My Beef With My Broker

More than $32,000 disappeared from my brokerage account. The struggle of getting it back revealed the downsides of using online brokers and investing in foreign stocks.

This month, I’m sharing the story of how more than $32,000 disappeared from my E*Trade brokerage account last May and made its way to the Dutch Ministry of Finance in the Netherlands. It’s a cautionary tale about the perils of investing in a foreign stock and the frustrations of dealing with a fully automated online broker. I’ll share some blame, too, for not delving into the fine print about stock tenders.

A tender tale. In 2015, I bought 500 shares of Mobileye, an Israeli company that developed camera-based driver-assistance technology. We highlighted the stock in our April 2015 issue in Stocks to Cash In on World-Changing Trends (see our updated version of stock picks that will benefit from long-term trends). In March 2017, Intel offered to acquire Mobileye at a nice premium, and the share price shot up. I decided to sit on my shares and wait for the buyout money.

In May 2018, I noticed a sizable drop in the value of my account. I logged on and saw a placeholder CUSIP number for the now missing Mobileye shares, but I expected the cash to appear within a couple of days. That’s what had happened previously with shares I owned in companies that had been acquired. But a couple of weeks later, the money was still missing. I contacted E*Trade to see what was happening.

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As it turned out, I missed the period to tender my shares (I’ll explain why below). All my untendered shares were transferred to a subsidiary of Intel, and the money representing those shares was transferred to an escrow account in the Netherlands. To claim my money, I had to submit a long form that, among other things, stated that I was not subject to Israeli taxes. That was last August. Over the next several months, I e-mailed E*Trade several times for updates. No money yet, I was told each time.

The letter. Fast-forward to late January. This time I decided to call. The rep on my “dedicated elite team” transferred me to the corporate action department. The employee who picked up there said he didn’t have any information. He did not offer to investigate further. He seemed indifferent and unresponsive. When I asked where I could write to lodge a complaint, he gave me the general e-mail address. No dice, I said, I want to write a letter. He gave me a post office box (with no specific name) in Jersey City, N.J.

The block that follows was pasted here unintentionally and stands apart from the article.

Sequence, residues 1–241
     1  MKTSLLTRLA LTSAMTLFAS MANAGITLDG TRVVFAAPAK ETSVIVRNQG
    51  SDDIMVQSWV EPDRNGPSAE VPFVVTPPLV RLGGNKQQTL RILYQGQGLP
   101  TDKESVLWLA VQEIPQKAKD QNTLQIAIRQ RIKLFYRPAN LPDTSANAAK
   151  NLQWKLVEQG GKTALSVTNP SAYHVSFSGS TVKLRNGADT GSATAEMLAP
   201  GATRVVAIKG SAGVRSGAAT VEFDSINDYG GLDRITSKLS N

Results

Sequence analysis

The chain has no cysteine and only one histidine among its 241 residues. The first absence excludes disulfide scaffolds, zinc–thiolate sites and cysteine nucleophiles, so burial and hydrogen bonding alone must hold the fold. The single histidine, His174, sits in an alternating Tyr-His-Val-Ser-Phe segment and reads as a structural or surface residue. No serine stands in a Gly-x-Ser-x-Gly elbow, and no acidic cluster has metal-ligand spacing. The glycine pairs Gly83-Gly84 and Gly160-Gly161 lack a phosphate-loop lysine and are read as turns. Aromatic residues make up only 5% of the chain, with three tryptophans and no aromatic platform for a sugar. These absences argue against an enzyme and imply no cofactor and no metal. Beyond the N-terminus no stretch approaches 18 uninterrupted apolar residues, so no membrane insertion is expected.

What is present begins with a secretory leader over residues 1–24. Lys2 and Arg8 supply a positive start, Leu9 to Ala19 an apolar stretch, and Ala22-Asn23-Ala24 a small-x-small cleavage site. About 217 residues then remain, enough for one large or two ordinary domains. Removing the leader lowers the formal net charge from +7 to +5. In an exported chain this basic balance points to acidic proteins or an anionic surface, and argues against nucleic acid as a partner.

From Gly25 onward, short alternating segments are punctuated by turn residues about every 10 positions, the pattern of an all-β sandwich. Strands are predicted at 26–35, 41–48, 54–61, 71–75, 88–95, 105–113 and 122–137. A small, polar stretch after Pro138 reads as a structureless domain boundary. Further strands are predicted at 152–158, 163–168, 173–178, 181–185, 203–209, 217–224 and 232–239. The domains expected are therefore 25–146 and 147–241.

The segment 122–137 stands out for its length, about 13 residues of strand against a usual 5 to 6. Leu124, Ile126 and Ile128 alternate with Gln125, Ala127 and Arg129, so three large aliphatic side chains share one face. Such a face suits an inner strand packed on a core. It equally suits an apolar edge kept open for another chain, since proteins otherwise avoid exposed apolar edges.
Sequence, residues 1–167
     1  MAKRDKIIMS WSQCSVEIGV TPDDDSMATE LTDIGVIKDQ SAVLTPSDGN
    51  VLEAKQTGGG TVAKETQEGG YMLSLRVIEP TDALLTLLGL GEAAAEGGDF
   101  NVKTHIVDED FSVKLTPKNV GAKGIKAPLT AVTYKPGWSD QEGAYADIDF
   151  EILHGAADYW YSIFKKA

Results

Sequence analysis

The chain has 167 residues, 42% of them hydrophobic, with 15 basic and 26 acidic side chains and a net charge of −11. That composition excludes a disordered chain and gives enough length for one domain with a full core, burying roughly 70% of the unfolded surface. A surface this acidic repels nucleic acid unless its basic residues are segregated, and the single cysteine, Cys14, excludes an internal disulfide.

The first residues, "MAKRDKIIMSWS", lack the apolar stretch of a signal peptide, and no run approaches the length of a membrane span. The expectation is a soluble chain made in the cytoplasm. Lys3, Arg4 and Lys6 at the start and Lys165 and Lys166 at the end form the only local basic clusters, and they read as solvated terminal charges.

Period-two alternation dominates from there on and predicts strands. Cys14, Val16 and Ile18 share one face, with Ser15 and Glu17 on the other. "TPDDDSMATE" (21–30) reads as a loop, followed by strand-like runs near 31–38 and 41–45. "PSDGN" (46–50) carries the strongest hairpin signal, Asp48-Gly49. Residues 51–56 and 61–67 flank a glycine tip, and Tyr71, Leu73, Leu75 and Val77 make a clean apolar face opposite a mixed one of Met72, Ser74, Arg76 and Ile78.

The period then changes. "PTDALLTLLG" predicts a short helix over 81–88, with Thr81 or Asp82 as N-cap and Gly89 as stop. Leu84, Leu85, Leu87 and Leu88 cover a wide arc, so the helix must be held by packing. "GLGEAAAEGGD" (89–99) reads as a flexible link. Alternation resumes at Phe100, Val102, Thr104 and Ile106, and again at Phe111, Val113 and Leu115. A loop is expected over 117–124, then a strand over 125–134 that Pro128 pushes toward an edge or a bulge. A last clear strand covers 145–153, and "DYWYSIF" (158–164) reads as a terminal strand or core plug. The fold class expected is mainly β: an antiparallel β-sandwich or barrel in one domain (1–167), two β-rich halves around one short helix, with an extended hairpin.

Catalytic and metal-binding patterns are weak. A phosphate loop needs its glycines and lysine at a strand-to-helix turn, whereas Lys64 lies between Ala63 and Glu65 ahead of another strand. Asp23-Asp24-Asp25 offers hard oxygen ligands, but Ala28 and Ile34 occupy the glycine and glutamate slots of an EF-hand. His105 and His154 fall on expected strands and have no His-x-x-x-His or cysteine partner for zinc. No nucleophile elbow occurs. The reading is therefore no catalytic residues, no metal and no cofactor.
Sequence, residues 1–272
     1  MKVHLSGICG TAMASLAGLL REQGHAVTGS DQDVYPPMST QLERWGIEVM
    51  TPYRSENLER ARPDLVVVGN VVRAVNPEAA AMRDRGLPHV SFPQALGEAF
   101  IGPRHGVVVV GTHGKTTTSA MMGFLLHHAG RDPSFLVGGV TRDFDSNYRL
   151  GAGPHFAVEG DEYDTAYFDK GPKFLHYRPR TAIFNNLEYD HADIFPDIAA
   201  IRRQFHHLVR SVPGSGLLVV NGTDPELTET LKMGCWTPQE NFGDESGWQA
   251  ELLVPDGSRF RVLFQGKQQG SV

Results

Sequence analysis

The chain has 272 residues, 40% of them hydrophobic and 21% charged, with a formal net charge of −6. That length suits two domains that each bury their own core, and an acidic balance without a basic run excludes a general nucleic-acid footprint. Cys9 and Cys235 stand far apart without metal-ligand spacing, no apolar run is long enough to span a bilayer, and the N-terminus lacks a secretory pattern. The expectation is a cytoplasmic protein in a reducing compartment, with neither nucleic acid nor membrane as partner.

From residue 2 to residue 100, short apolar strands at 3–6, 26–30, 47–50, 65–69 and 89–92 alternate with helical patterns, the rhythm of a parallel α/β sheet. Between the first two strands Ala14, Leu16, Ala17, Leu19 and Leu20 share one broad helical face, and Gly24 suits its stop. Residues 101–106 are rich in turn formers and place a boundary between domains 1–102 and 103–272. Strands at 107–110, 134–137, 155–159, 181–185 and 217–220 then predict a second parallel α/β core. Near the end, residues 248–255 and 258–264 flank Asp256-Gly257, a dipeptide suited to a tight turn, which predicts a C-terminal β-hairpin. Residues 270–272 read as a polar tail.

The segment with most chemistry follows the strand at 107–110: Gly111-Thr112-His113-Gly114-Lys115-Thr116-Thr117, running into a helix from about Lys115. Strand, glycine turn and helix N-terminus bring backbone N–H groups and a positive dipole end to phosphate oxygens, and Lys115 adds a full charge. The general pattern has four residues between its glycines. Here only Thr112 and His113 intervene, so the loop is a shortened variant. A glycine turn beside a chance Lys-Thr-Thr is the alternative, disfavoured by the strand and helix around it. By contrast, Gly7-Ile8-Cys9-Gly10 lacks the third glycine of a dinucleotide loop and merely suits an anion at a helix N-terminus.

If you ever want to complain, write a letter to the company’s CEO or president (or take to Twitter). I checked the E*Trade website for the name of the CEO and found his e-mail address in an online search. In my two-page letter to CEO Karl Roessner, I pointed out that the sensitive and urgent Mobileye tender information was delivered only via “Smart Alerts,” which seemed to be a tool to help evaluate securities. Why not send these messages to my e-mail address, where I get my statements, or (gasp) send me a notice via snail mail?

I e-mailed the letter at 4 o’clock on a Wednesday afternoon. At 4:20, I got a call from a “corporate support manager,” who assured me Mr. Roessner had received the letter and wanted him to investigate. In follow-up calls, I learned that other E*Trade customers who had not tendered shares were just starting to see the money hit their accounts. (I never mentioned my position as editor of this magazine, nor used Kiplinger letterhead or my company e-mail address.)

What I learned from my merry-go-round ride is that investing in foreign securities can be a pain. I will not owe Israeli taxes on my Mobileye profits, but there’s a good chance that if you invest in an international fund or stock that pays dividends, you will pay foreign taxes (we explain how to recoup those taxes). I also learned that I was naïve to believe that a large, impersonal brokerage would give me personalized service, and I think that’s true for an entire industry that has replaced human brokers with cheap, automated trades. (I now have alerts forwarded to my e-mail address.) Finally, strategic complaining works. Over the past few weeks, the updates have continued. The last one confirmed that my money will soon be heading back to the U.S.

Mark Solheim
Editor, Kiplinger's Personal Finance

Mark became editor of Kiplinger's Personal Finance magazine in July 2017. Prior to becoming editor, he was the Money and Living sections editor and, before that, the automotive writer. He has also been editor of as well as the magazine's managing editor, assistant managing editor and chief copy editor. Mark has also served as president of the Washington Automotive Press Association. In 1990 he was nominated for a National Magazine Award. Mark earned a B.A. from University of Virginia and an M.A. in Writing from Johns Hopkins University. Mark lives in Washington, D.C., with his wife, and they spend as much time as possible in their Glen Arbor, Mich., vacation home.